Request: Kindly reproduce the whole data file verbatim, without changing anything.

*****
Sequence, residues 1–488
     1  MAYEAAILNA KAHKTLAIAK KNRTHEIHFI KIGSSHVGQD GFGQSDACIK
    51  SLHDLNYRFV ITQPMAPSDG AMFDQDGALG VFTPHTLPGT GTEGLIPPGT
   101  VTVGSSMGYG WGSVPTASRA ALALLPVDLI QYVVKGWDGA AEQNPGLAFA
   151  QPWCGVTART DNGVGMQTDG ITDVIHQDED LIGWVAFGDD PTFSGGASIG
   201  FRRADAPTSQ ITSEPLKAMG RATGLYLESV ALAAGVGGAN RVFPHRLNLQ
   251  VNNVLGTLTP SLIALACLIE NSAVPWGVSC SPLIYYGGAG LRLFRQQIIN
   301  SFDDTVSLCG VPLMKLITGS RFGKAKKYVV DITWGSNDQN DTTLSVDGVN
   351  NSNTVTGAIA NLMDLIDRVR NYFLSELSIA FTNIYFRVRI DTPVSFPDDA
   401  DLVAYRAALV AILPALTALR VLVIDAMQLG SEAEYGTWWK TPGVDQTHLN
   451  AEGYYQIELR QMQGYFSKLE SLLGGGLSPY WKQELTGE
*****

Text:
Sequence, residues 1–488
     1  MAYEAAILNA KAHKTLAIAK KNRTHEIHFI KIGSSHVGQD GFGQSDACIK
    51  SLHDLNYRFV ITQPMAPSDG AMFDQDGALG VFTPHTLPGT GTEGLIPPGT
   101  VTVGSSMGYG WGSVPTASRA ALALLPVDLI QYVVKGWDGA AEQNPGLAFA
   151  QPWCGVTART DNGVGMQTDG ITDVIHQDED LIGWVAFGDD PTFSGGASIG
   201  FRRADAPTSQ ITSEPLKAMG RATGLYLESV ALAAGVGGAN RVFPHRLNLQ
   251  VNNVLGTLTP SLIALACLIE NSAVPWGVSC SPLIYYGGAG LRLFRQQIIN
   301  SFDDTVSLCG VPLMKLITGS RFGKAKKYVV DITWGSNDQN DTTLSVDGVN
   351  NSNTVTGAIA NLMDLIDRVR NYFLSELSIA FTNIYFRVRI DTPVSFPDDA
   401  DLVAYRAALV AILPALTALR VLVIDAMQLG SEAEYGTWWK TPGVDQTHLN
   451  AEGYYQIELR QMQGYFSKLE SLLGGGLSPY WKQELTGE